|Who do you report to?|
What do you do when you wake up? My wife grabs her phone and starts reading the news. I usually check my phone calendar to see what my day looks like. Then I check the weather so I can plan on what to wear. After I do that, I thumb through my overnight emails, wondering if I will actually get to follow what is on my calendar or if some other issue is going to take over my day. That’s how we start in my house. I think a lot of people start the same way.
Sunday, my pastor talked about God. Shocking, right? A pastor talking about God! I digress. He reminded me, along with everyone else there, of Genesis 1:1.
“In the beginning, God…”
Yeah, the beginning. The same God who spoke the world into existence. The one who owns everything. He also reminded me of God’s purpose from John 3:16. You know, that whole part about sending His only Son for me, to bring peace and life.
I expected the normal pastor speak, an invitation, an altar call. The usual urging bordering on guilt to just say yes to Jesus…NOW…before it’s too late! Sorry, I can be a bit cynical. Thankfully, this guy continually surprises me. He took it another direction. He asked us the same question I asked at the beginning. What do you do when you wake up? Weird, huh? He continued by pointing out that how you start your day usually decides who controls your day.
Who controls your day? Who controls your life? Who do you report to? As I thought about my day, my priorities, my life…I had a whole host of answers. The answers weren’t always God. Sometimes my schedule controls my day. I am a freak about time. I hate being late. Schedule and time become God to me. Sometimes my job is my God, sometimes it’s my self. Many times it’s myself. When myself is my God, my God isn’t.
Step one reminds me that when my self is in charge, my life is a mess. Unmanageable. Powerless to addiction. I have a great history of reporting to my self and falling flat on my face. Hurting my spouse, family, loved ones…and yes, myself.
God doesn’t fall flat. He doesn’t damage us. He keeps His word. He can’t lie, steal, manipulate, disappoint. He’s God. Since the beginning. Since always. So who do you report to…and who can you trust? Certainly not me. God. He’s God, after all.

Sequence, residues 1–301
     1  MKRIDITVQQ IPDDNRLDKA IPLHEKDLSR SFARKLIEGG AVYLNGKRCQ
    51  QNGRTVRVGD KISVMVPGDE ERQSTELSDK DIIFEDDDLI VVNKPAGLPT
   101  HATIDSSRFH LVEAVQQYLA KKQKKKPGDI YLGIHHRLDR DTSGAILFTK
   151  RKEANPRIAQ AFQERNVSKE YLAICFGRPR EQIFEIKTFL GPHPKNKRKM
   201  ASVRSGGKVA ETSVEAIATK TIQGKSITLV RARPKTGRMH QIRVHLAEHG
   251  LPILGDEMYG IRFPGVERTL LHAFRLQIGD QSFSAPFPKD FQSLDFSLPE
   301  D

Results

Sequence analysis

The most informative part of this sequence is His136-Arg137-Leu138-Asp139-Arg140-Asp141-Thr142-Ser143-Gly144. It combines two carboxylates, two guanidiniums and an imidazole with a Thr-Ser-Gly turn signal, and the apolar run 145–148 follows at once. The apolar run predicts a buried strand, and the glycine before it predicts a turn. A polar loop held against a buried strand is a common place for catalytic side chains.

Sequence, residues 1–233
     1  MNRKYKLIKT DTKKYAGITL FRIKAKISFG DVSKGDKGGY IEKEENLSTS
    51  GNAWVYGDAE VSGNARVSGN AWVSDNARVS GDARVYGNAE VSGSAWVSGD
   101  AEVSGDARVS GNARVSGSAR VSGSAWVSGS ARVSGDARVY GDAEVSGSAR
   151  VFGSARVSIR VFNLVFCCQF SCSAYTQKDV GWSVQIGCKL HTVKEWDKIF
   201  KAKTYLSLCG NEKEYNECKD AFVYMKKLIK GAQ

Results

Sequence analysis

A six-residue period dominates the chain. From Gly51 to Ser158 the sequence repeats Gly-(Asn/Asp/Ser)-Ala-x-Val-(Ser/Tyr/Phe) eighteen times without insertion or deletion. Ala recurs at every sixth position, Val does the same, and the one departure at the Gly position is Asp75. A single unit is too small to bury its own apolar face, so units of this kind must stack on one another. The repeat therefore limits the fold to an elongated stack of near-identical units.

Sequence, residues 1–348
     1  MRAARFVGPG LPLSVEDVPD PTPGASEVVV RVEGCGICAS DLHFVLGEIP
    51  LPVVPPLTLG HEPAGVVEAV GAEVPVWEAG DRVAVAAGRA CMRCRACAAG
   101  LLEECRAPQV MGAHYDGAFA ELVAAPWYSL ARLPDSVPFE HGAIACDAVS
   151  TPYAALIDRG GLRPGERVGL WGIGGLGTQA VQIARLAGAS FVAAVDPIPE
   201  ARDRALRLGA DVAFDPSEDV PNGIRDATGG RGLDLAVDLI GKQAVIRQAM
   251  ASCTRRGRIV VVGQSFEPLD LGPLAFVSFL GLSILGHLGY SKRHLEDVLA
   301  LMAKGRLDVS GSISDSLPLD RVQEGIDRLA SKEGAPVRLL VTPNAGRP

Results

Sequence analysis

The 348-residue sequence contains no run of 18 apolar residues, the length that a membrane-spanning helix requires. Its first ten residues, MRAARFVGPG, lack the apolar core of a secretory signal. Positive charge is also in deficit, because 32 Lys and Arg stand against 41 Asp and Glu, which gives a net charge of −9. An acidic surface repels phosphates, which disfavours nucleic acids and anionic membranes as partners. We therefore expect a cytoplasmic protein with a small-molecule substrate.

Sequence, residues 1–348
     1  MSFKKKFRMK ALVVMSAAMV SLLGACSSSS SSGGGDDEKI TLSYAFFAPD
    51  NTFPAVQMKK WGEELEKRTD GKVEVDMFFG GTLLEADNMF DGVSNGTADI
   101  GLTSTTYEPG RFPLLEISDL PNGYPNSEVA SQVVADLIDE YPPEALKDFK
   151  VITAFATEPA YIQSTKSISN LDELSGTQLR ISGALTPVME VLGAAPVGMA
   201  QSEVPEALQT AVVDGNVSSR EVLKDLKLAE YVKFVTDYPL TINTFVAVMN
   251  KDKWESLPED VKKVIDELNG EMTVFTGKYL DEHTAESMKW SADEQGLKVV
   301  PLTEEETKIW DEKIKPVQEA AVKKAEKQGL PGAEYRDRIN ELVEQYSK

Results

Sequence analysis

Join us this week for incredible music, a testimony of redemption, and great teaching from God’s Word…all from a heart for recovery in Katy.
When: Every Saturday at 5:30 pmLocation: The Fellowship (in the Loft), 22765 Westheimer Pkwy, Katy, TX 77450Childcare is available. Pre-notification is not necessary but is requested. For more information about childcare, email us email@example.com.
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Bonus Episode 19 –Powerless
Truly accepting my powerlessness began recovery for me. With that acceptance came my understanding that keeping my sins secret only kept me powerless.
by Keith B.
July 8th, 2016 is the date I consider as my sobriety date and the date I actually began recovery. That was the day my wife found out that I had contacted a former affair partner. One she knew about. The only one she knew about at the time. That day began my true entry into a life of sobriety and recovery from sex and relationship addiction or how ever you want to label it. But that wasn’t really the true beginning. The true beginning was nine months earlier.
In October of the previous year, I let my wife know via text message that I was leaving her. Awesome, right? I didn’t have the courage to call her. I was halfway around the world, on a business trip. I had arranged my business travel to enable meeting a co-worker and affair partner who lived overseas. My travel was a constant. I basically abandoned my wife and boys. My lies were catching up to me. I had no choice in my mind but to tell her I was having an affair and leaving her.